I thought I would write this blog in way that will hopefully interest you in carnivorous plants as well as giving an insight into some tips and experiences from my dissertation.
‘I care more for Drosera than the origin of species … it is a wonderful plant, or rather a most sagacious animal. I will stick up for Drosera to the day of my death.’ Darwin in a letter to Asa Gray
If this claim doesn’t intrigue, or at least convince you of Darwin’s obsession with carnivorous plants, nothing will. It also shows his remarkable foresight into ecology. Describing a carnivorous plant as “sagacious” (wise) identifies that these plants are not passive, they are finely tuned, actively foraging for prey to acquire nutrients.
Darwin carried out numerous experiments across carnivorous plant taxa presented in his book Insectivorous Plants. This provided the footing for the next 150 years of research focusing on the main steps of plant carnivory; how they attract, trap and digest prey and the benefit this holds. However many untested questions remain. Though the mechanisms of trapping are widely known, the evolutionary ecology is much less understood. Even less so in the development from seedling to maturity…
This is where I come into the story. For my dissertation, I set out to see whether Venus flytraps are carnivorous throughout their life i.e. do seedlings also trap prey to acquire nutrients for growth?
I began devising a way of doing this in my second year of Biology at the University of Gloucestershire. With the help of Prof Adam Hart, I had a good idea of what I was going to be doing before I left for the summer. The hardest part was getting my hands on some seedlings (actually the hardest part was getting my hands on some seedlings without ripping fragile roots off, tearing leaves or accidentally pulling off the trap while moving them – this is why the initial sample size is always much bigger than the minimum required!). I already had two mature Venus flytraps and so I set about pollinating these, and then planting the seeds. Once enough were germinating at the same time I was able to transplant them into their own cells and begin the experiment.
Planning this before the end of Second Year had many benefits to the final product. Not only did it mean I didn’t have to rush around during Third Year planning and implementing, but it also meant I could use the summer as my growth period.
To confirm Venus fly traps require prey for growth at seedling stage I essentially split the plants into those that could have prey, and those where prey was absent. To do this I sterilised all the peat moss (to rule out soil as a confounding factor), and then reintroduced the most common arthropods I could find in soil around the Uni to the appropriate group. This turned out to be mostly springtails and so I only reintroduced them to the plants (this was a challenge in itself, consider catching hundreds of jumping arthropods that are less than 5mm in length. Then do all this again when you move them into the plant tanks so you know how many have been placed in the tanks to standardise across tanks). Then after four months I compared the changes in plant size. I recorded as many variables as I could, coming in to the lab every morning and quickly getting into a routine. I measured abiotic variables such as humidity, temperature (I regulated the minimum temperature so that the plants would not go into dormancy) and light/dark length. I also rotated the plants position in the lab every day as well as turning them on their “fixed point”. Other variables measured were things like trap number, leaf number (different to trap number because of cotyledons), how many leaves closed and where on the plant so I could tell how long the trap was closed for and trap size. To be honest I wasn’t sure how much of these data I would need but figured it’s much better to have data and not need it.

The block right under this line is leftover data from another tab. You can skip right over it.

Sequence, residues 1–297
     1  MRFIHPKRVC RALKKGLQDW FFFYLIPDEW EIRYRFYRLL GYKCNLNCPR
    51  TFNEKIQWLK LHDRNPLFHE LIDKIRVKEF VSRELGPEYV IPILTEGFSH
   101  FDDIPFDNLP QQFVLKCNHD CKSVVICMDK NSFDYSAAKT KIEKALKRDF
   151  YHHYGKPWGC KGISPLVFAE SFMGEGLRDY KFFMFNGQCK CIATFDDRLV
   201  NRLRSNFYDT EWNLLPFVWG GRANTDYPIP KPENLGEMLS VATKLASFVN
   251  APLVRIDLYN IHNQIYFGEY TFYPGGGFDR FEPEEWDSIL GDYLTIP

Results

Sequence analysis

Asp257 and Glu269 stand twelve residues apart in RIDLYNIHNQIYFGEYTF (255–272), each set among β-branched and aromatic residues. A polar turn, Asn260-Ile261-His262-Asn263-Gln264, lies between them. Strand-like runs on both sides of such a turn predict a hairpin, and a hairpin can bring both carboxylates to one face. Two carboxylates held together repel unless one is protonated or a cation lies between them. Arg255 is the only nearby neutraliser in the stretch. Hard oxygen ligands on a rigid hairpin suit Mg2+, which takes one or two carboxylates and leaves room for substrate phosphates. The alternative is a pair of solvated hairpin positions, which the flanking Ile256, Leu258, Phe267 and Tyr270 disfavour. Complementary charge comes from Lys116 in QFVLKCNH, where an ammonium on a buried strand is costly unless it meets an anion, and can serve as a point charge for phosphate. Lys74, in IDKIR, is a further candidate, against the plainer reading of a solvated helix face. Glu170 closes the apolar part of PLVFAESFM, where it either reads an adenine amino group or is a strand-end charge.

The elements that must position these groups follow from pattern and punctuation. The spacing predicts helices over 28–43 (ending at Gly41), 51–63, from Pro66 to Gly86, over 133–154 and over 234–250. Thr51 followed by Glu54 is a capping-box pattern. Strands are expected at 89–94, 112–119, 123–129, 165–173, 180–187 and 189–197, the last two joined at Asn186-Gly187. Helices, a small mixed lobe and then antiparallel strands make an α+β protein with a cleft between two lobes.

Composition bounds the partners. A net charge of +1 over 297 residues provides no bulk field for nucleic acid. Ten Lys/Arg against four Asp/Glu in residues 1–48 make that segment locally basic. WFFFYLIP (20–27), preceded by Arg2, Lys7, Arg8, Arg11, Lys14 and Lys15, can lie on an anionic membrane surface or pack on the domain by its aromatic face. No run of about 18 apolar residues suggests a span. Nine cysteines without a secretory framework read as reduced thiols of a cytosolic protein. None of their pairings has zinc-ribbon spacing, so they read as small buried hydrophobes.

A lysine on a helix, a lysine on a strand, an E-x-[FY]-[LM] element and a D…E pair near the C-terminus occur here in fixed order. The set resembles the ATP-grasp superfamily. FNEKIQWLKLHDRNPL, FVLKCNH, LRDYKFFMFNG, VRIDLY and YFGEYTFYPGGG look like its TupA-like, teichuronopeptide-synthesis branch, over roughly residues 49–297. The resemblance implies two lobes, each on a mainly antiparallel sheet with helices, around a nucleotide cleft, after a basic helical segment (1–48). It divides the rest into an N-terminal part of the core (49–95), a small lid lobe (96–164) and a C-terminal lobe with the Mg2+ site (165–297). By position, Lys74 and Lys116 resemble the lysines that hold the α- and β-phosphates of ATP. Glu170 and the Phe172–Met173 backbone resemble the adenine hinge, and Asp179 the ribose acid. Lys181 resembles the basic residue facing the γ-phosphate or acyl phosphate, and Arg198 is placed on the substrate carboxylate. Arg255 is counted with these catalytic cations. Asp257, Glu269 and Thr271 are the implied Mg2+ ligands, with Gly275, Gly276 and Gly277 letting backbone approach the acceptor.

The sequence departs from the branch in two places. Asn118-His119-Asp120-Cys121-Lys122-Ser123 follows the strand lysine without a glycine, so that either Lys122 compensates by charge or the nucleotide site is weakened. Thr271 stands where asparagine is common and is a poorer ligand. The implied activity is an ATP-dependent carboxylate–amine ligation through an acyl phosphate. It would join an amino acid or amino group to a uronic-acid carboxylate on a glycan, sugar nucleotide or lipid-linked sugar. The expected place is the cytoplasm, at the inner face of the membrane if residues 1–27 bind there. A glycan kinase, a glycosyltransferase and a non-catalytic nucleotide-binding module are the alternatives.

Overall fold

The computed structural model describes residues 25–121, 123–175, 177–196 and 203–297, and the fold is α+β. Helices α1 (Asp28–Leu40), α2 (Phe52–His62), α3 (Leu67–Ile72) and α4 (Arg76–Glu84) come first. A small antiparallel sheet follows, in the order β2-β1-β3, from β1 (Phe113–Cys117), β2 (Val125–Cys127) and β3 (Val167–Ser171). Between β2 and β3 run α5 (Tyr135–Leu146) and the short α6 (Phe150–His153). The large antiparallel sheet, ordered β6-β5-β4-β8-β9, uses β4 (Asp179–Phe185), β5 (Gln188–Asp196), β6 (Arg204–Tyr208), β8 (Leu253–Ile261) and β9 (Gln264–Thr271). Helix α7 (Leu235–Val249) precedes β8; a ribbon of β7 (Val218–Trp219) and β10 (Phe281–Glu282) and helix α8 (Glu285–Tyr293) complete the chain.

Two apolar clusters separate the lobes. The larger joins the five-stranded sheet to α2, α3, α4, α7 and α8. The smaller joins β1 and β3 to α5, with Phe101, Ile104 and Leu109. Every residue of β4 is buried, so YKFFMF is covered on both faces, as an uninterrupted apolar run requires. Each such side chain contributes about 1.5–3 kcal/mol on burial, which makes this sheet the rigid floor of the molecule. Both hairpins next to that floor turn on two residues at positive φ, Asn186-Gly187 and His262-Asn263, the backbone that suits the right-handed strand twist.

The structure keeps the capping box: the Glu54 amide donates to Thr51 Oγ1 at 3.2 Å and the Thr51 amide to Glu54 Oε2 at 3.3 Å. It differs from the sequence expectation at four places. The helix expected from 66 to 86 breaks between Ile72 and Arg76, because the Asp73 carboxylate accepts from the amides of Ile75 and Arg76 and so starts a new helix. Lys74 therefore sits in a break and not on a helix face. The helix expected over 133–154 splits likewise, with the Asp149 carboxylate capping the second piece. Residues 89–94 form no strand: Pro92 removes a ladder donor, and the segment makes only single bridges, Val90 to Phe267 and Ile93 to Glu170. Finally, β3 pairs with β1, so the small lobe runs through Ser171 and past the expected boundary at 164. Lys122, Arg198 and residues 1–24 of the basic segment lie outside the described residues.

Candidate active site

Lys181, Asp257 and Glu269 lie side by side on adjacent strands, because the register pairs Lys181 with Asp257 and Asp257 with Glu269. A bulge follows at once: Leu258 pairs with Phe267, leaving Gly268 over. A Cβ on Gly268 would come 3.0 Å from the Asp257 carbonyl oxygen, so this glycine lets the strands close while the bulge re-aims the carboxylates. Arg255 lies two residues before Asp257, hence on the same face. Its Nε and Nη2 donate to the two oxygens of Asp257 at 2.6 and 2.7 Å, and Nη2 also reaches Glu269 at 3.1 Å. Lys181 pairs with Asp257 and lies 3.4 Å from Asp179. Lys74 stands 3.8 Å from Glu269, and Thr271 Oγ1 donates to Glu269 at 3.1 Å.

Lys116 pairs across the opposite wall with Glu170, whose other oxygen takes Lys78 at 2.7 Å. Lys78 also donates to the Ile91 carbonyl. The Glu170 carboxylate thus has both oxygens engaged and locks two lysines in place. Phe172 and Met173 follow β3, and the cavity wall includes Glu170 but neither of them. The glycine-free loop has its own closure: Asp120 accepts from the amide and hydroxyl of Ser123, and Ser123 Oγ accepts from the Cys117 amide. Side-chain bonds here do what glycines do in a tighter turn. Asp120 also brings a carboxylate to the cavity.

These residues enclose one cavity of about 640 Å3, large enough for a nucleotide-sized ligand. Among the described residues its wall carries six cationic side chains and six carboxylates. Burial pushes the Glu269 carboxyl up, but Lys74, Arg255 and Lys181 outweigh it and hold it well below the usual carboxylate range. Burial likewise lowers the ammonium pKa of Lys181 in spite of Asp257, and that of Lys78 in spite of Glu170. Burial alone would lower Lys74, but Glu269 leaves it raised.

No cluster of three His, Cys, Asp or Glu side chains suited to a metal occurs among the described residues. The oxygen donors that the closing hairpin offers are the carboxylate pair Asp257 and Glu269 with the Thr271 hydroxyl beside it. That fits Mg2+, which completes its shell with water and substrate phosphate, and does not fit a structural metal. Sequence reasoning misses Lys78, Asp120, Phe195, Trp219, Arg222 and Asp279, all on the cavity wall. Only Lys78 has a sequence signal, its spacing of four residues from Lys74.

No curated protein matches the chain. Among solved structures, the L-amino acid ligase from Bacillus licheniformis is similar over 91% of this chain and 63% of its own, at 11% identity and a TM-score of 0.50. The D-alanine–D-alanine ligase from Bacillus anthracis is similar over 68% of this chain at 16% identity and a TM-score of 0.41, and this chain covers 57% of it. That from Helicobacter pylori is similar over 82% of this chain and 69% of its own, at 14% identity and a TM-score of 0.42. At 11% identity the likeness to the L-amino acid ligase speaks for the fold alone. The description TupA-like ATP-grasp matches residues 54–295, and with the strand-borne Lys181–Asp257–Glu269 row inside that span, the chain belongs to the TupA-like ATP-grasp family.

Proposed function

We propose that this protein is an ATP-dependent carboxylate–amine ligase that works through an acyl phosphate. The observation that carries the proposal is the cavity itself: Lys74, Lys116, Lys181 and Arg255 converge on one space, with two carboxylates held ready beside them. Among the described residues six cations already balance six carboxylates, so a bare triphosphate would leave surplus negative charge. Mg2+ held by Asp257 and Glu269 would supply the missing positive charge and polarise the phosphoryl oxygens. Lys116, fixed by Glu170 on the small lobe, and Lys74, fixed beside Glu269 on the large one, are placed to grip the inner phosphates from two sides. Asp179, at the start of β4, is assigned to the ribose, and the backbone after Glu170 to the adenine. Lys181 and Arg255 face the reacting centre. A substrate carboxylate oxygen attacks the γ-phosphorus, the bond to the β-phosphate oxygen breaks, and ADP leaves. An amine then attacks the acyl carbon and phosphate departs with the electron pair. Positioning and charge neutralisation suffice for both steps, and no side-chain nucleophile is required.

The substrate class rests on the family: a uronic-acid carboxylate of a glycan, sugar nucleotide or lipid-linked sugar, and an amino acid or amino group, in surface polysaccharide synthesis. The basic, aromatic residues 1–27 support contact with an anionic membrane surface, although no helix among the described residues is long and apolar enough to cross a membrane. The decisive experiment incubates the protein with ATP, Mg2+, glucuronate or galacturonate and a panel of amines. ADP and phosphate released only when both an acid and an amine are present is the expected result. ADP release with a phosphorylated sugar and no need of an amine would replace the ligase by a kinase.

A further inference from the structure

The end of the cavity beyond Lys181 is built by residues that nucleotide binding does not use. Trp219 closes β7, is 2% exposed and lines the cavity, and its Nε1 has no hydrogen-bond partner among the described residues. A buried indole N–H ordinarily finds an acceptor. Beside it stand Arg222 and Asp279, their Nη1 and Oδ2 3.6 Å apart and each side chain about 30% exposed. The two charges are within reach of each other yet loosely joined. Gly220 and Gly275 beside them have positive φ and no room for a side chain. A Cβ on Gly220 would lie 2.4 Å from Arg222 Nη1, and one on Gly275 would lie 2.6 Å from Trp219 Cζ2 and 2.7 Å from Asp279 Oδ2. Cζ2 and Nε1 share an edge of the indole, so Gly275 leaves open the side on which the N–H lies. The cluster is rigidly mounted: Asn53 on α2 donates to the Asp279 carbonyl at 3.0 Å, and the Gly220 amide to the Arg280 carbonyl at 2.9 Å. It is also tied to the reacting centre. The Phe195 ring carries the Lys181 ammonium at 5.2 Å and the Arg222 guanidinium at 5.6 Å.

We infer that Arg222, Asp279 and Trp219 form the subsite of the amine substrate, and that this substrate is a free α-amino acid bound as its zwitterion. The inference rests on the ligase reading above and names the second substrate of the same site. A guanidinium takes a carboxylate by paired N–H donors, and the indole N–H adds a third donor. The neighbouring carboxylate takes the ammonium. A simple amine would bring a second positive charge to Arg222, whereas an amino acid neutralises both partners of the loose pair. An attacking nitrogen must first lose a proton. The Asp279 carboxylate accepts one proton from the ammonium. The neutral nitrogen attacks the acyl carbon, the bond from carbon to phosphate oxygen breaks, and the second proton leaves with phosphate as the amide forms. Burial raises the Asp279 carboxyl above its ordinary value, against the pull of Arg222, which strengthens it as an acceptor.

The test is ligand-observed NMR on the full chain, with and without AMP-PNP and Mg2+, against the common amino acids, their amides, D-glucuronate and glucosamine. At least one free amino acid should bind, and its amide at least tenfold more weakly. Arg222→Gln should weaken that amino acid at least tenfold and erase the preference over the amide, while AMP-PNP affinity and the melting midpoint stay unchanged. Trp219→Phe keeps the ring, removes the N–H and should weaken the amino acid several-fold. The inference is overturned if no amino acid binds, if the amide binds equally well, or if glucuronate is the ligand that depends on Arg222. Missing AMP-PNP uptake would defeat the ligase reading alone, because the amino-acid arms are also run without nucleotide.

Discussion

After statistical analysis, I empirically confirmed that Venus flytrap seedlings were growing at a faster rate when there was prey available. Though size increased, the number of leaves on each plant was not significantly different.
These were the findings I used in my dissertation and after receiving my degree, Adam suggested we go ahead and try to publish the findings. It was at this point that the extra data I had been collecting really came in handy. When reviewers’ comments came in asking for extra information in a table, I was able to quickly turn the paper around with the desired changes. One piece of advice I would give to anyone doing an experiment is to justify and record everything you do. An example of this paying dividends is where one reviewer comment highlighted that pH of the soil was outside the range of natural habitat recorded in a paper some years ago. Fortunately I had tested the pH of the soil at the time of the experiment and it was in line with another paper giving optimum pH values for fly trap culture. This allowed me to defend my experimental setup with published material.
If you are still with me at this point hopefully I have planted a seed of interest in your minds for these plants. “Wonderful” or not, these plants provide a unique way to study all kinds of disciplines, and for me are remarkable.
More information on the findings and implications of my research can be found in the published paper here:
Chris Hatcher, B.Sc. (Hons) Biology 2012
(Chris went on to study an MSc in Evolutionary & Behavioural Ecology at the University of Exeter in Cornwall, and is now in the hunt for a PhD position)